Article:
Asked on Sunday about the need to reduce carbon emissions, Mr Morrison said he understood the challenge and was getting the emissions down.
“Emissions today are 50 million tonnes less on average each year under our government than under the previous government,” he said.
Mr Morrison has made the same assertion in a series of interviews during the summer bushfire crisis but Labor branded the claim “unconscionable” because the biggest cut to emissions had come under Labor.
While the average figure for annual emissions is lower for the past six years when compared with the preceding six years, this is largely because the output fell significantly before the Coalition took power in September 2013.
Annual emissions including land use fell from 622 million tonnes in 2007, when Kevin Rudd led Labor to power, to 538 million tonnes in 2013 and 533 million tonnes in 2014.
The Abbott government repealed the Gillard government’s price on carbon with effect from July 1, 2014.
Labor’s climate change assistant spokesman Pat Conroy said Mr Morrison was misleading Australians by using an average figure to claim credit for actions taken before the Coalition formed government.
“Mr Morrison’s fake number distorts the data and takes credit for reductions actually achieved under the former Labor government, not the Coalition,” Mr Conroy said.
“At a time of public concern about climate change, Australia deserves better than deceit and inaction from their Prime Minister on emissions reduction.”
Energy Minister Angus Taylor responded by saying emissions were on average 47.4 million tonnes lower per year compared to the previous government.
“In the six years to the 2018-19 financial year, Australia’s economy grew by 16 per cent. Over this same period, the emissions intensity of Australia’s economy declined by 15 per cent,” Mr Taylor said in a statement.
Australian National University professor Stephen Howes, the director of the Development Policy Centre, warned yesterday the government would not meet its pledge to reduce emissions by 2020 on the current trajectory.
Professor Howes said there had been a “very marginal reduction” in emissions under the Coalition but that this would not meet Australia’s treaty commitment to reduce emissions by 5 per cent by 2020 relative to 2000.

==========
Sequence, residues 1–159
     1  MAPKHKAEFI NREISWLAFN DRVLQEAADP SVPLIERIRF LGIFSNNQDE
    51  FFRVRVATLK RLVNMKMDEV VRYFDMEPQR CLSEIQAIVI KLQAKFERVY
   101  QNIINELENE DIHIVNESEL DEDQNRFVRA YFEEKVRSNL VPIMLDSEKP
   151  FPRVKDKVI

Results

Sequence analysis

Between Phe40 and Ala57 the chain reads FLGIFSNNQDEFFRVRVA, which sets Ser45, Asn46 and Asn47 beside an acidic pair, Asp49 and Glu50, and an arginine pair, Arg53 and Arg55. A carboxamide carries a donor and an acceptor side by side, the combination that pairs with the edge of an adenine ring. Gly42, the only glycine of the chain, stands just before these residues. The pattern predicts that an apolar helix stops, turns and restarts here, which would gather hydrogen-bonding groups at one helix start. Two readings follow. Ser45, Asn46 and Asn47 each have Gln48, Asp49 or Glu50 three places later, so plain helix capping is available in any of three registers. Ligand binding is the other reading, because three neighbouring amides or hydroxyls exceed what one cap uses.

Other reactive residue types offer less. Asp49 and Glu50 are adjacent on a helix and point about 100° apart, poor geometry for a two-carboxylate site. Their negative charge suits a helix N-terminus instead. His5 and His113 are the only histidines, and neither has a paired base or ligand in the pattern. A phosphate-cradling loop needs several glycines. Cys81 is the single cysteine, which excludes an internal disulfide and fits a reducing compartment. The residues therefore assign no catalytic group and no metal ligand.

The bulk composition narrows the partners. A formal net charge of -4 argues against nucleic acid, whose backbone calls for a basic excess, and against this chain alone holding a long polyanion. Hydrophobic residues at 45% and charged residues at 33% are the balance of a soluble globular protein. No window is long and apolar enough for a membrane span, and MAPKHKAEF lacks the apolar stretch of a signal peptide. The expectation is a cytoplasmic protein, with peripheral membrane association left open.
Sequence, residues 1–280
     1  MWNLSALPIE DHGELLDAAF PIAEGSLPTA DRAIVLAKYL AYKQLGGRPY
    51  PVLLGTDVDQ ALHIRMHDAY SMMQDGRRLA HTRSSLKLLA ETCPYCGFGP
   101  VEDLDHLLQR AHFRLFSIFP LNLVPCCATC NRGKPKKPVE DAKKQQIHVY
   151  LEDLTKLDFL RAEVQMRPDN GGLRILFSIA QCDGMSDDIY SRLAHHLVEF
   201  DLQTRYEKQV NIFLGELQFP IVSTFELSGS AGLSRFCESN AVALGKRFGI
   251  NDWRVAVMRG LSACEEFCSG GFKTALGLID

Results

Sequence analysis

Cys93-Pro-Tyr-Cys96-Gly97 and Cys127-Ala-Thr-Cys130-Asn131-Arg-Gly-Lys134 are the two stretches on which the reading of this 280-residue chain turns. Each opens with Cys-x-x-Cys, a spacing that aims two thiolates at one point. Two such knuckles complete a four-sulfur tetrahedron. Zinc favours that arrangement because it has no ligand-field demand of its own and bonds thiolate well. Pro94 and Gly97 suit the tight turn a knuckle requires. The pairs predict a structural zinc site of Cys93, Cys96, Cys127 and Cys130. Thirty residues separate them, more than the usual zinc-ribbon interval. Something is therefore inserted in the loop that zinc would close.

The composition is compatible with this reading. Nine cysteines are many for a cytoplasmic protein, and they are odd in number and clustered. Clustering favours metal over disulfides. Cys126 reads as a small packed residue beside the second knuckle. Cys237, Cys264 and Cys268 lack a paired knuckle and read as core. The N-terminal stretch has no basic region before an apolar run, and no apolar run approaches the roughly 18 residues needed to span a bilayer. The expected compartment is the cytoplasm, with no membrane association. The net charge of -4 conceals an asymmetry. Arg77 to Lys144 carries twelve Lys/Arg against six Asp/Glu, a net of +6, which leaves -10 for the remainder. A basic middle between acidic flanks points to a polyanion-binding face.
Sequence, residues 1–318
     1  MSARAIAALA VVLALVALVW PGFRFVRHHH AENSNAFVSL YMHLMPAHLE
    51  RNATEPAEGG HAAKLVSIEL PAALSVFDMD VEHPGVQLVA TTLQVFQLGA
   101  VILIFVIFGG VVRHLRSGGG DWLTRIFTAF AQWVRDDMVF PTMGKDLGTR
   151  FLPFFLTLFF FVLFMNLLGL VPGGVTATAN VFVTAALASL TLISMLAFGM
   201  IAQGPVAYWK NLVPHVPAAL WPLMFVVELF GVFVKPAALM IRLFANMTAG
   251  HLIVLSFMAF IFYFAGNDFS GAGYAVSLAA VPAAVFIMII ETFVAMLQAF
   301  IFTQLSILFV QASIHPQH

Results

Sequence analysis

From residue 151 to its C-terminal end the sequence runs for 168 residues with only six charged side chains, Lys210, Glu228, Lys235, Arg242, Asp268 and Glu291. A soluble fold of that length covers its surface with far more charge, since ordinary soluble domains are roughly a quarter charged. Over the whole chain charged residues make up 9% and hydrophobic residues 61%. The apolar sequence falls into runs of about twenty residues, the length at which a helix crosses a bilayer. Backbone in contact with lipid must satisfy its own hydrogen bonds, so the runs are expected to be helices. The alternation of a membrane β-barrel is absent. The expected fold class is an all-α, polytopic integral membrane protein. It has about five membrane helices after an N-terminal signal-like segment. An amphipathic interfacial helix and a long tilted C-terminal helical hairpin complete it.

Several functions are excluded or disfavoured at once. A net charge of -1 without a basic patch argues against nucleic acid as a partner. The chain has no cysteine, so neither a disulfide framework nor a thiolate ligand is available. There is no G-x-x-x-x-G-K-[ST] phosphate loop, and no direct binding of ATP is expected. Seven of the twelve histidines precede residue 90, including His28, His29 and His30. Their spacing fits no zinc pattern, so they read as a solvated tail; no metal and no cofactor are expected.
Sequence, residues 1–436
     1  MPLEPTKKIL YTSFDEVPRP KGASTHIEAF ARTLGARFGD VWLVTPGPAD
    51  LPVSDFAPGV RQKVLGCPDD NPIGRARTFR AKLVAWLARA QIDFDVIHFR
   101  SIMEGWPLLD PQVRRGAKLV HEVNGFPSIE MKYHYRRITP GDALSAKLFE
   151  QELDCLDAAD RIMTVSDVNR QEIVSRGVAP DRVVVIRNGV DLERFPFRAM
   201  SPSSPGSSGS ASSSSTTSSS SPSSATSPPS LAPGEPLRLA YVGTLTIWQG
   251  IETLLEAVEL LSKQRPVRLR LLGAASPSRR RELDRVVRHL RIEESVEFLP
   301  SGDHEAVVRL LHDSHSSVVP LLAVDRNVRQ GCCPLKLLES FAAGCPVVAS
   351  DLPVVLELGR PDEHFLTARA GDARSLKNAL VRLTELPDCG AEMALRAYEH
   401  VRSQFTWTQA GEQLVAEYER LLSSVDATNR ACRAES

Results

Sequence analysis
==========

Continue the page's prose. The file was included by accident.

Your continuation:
While the Department of Environment produces a range of figures, the results under the Kyoto Protocol benchmark show emissions falling from 540 million tonnes in 2000 to 532 million tonnes in 2020. This is a fall of 1.5 per cent.
Professor Howes said the government was likely to meet a “multi-year target” for 2020 when emissions were measured over a longer period.
The director of the ANU Climate Change Institute, Mark Howden, said the trend was especially troubling when figures for the energy, transport and resources sectors were considered because this was where policy change could have the greatest effect.
“The current policy mix isn’t taking us on that downward trajectory and so we need other things in the policy mix,” he said.
On Sunday, Mr Morrison did not commit to new targets but raised the possibility of new policies over time to go “even further” on reducing emissions, triggering a debate among Liberals and Nationals over whether greater action was needed.
Queensland Liberal MP Trevor Evans, the assistant minister for environmental management, said he welcomed Mr Morrison’s comment that policies would evolve over time.
“We need to keep tracking and monitoring our emissions and judging whether our suite of policies is effective,” Mr Evans said.
“And we need to be open to future policies evolving.”
Victorian Liberal MP Katie Allen told followers on Facebook about Mr Morrison’s remarks and said she would be a strong voice “inside the tents” for action on climate change.
“I haven’t stopped harping on about it in the party room,” she said. “I’m excited we are starting to move in the right direction but we have a lot more to do.”
With more conservative Coalition MPs opposed to greater action on climate change, some Liberals said they would not call publicly for policy change during the bushfire crisis.
One said he welcomed Mr Morrison’s comments “with relief” when concerns about climate change were on the rise in the community, especially in metropolitan areas.
Another said “the shift is welcome” and a third said his interpretation of Mr Morrison’s remarks was that it left room to manoeuvre on policy options over time.
David Crowe is chief political correspondent for The Sydney Morning Herald and The Age.